Stakeholders are disappointed the independent review into ACT Health's workplace culture did not spell out hotspots of bullying and harassment and was unable to hold individuals accountable, despite detailed submissions making troubling allegations.
The final report, which was released on Thursday morning, highlighted deep cultural issues within the ACT's public health system, but did not go into specific allegations or talk about clusters of poor culture.
It has also left some groups feeling snubbed, having been left off the report's list of members of an implementation committee to oversee the report's recommendations.
A submission to the review from the Community and Public Sector Union revealed experiences of sexism, racism and bullying, with a survey finding 75 per cent of participants had experienced bullying or harassment while working for ACT Health.
Allegations included that women had been asked whether they would have children and if they were using contraception.
People believed nepotism was rife, faced retribution for speaking out and were threatened with performance management, according to the submission.
The union questioned why tackling bullying and harassment - which it considered the biggest workplace issue in ACT Health - had largely been left out of the report's recommendations.
The Australian Medical Association's ACT president, Antonio Di Dio, said he was disappointed the review was not able to hold individuals to account.
He said their original proposal for a board of inquiry - which is the territory's version of a royal commission - would have allowed that to happen.
Dr Di Dio said he asked the review panel to provide greater transparency around the the clusters of of complaints it received.
But he said the panel would not tell the association the number of individual matters referred, the general nature of the matters or how they would be followed up.
“While the recommendations in the review’s final report are significant because they point the way forward and propose structures, practices and processes designed to bring about cultural change there is a significant missing part – individual accountability for past poor behaviour,” Dr Di Dio said.
But review panel chairman Mick Reid said he did not include specific clusters of complaints in the report so as not to distract from the pervasive nature of cultural issues within the ACT's public health services.
He said the implementation committee would be made aware of the clusters the review identified.
"I am writing to the minister probably on Monday indicating the dozen or so areas where we feel there are issues of particular concern in particular parts of the organisation," he said.
The criticism comes as the union representing senior staff specialists and staff doctors - the Australian Salaried Medical Officers Federation - was left perplexed as to why it was left off the implementation committee, despite the report highlighting the lack of current engagement with senior doctors.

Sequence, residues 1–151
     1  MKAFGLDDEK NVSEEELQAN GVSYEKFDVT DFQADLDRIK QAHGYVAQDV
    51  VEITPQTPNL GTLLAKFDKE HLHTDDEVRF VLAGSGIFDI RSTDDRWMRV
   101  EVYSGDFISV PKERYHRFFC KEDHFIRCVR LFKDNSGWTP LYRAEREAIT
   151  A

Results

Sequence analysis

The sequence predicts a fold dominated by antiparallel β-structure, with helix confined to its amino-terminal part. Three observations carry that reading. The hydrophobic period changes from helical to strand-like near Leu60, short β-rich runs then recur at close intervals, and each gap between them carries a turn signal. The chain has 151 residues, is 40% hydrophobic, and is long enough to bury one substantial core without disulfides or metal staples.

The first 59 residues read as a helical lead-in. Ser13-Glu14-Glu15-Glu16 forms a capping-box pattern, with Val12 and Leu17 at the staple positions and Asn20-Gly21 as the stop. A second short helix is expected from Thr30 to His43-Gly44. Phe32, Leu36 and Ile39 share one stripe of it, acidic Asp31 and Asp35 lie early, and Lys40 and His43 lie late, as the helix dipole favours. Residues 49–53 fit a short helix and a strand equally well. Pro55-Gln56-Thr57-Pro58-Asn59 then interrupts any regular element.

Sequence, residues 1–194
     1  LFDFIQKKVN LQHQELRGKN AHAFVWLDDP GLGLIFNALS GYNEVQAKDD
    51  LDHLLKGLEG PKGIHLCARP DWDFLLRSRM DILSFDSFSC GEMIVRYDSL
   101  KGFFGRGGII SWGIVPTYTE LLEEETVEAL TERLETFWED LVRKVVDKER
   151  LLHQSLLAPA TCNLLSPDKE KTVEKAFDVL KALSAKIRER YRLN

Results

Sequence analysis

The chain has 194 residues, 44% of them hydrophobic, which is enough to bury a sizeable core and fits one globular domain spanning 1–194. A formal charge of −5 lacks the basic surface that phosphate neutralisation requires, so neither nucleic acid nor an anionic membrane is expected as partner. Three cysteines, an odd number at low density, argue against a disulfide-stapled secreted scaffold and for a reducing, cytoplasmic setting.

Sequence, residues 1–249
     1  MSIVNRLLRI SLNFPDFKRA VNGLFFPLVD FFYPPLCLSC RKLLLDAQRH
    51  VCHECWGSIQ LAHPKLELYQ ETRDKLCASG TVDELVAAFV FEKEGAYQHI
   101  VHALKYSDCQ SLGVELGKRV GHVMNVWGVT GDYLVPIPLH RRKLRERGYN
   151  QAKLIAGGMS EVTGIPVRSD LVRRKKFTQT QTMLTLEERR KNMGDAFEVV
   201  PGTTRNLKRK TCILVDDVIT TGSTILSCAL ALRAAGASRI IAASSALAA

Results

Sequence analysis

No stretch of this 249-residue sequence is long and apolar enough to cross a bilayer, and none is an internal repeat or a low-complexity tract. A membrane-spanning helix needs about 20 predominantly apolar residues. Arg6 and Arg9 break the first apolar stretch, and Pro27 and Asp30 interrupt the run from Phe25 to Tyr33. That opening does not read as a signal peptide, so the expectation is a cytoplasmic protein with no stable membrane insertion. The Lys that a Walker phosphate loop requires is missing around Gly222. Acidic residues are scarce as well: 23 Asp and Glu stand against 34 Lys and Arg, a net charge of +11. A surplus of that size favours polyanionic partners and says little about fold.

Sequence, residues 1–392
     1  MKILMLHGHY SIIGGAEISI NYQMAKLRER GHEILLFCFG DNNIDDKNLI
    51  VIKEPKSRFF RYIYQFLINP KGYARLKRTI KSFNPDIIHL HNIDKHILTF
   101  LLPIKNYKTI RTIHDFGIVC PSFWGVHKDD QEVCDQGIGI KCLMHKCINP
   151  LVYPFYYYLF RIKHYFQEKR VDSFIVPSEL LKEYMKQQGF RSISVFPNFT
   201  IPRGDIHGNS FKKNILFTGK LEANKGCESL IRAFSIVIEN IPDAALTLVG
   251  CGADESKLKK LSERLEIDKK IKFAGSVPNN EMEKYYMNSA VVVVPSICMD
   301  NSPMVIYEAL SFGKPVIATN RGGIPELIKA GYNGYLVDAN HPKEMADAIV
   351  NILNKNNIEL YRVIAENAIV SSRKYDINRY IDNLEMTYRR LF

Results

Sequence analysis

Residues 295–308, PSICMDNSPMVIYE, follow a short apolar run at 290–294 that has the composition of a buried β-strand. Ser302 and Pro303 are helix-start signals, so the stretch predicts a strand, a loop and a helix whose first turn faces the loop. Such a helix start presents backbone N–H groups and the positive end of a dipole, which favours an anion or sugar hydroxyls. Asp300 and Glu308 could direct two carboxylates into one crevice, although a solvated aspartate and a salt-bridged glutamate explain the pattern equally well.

The committee will first sit in March and will be chaired by Health Minister Meegan Fitzharris. It will also include ACT Health executives as well as representatives from the Australian Medical Association and the Australian Nursing and Midwifery Federation.
The doctors' federation's ACT president Dr Richard Singer - also a staff specialist at Canberra Hospital - said he would be lobbying Ms Fitzharris to include a member of the federation on the committee.
"A large thrust of the report was to improve doctor engagement - leaving off the main group representing senior doctors is not going to facilitate engagement," he said.
"[Including a federation representative] would also mean getting a broad presentation of senior doctors' views."
Community and Public Sector Union ACT regional secretary Madeline Northam said ACT public health workers felt confused and let down that the report did not give adequate weight to widespread problems with bullying and harassment.
“The review panel has made some perfectly sensible recommendations, but we find it hard to believe that there’s nothing there to deal with the biggest issue," she said.
“It’s simply not good enough that this review has turned a blind eye to the fact we have members going home in tears every day because of the behaviour of colleagues who are no better than schoolyard bullies.
"The chief executive and director-general have a duty of care to all staff and we’ll be holding them accountable for tackling this serious problem, with or without independent recommendations to guide them.”
The independent review was announced by Ms Fitzharris in September after a string of scandals and mounting pressure for change.
The interim report was released in February and the final report's recommendations remained largely the same.
Ms Fitzharris said the government would release its response to the report within three months.
"The government is committed to working with staff and stakeholders to put the final recommendations into practice in a way that drives the real change we need to see, and share the independent panel’s belief that this will effect positive change to the workplace culture across the ACT public health system," she said.
“While the review into workplace culture has now concluded, it’s time to get on with implementing the recommendations made by the independent panel."
Opposition health spokeswoman Vicki Dunne called on the government to bring forward its response to the next sitting week.
“By putting off a response for three months, the Health Minister is essentially saying bullying and harassment in the workplace is not a pressing issue for her government," she said.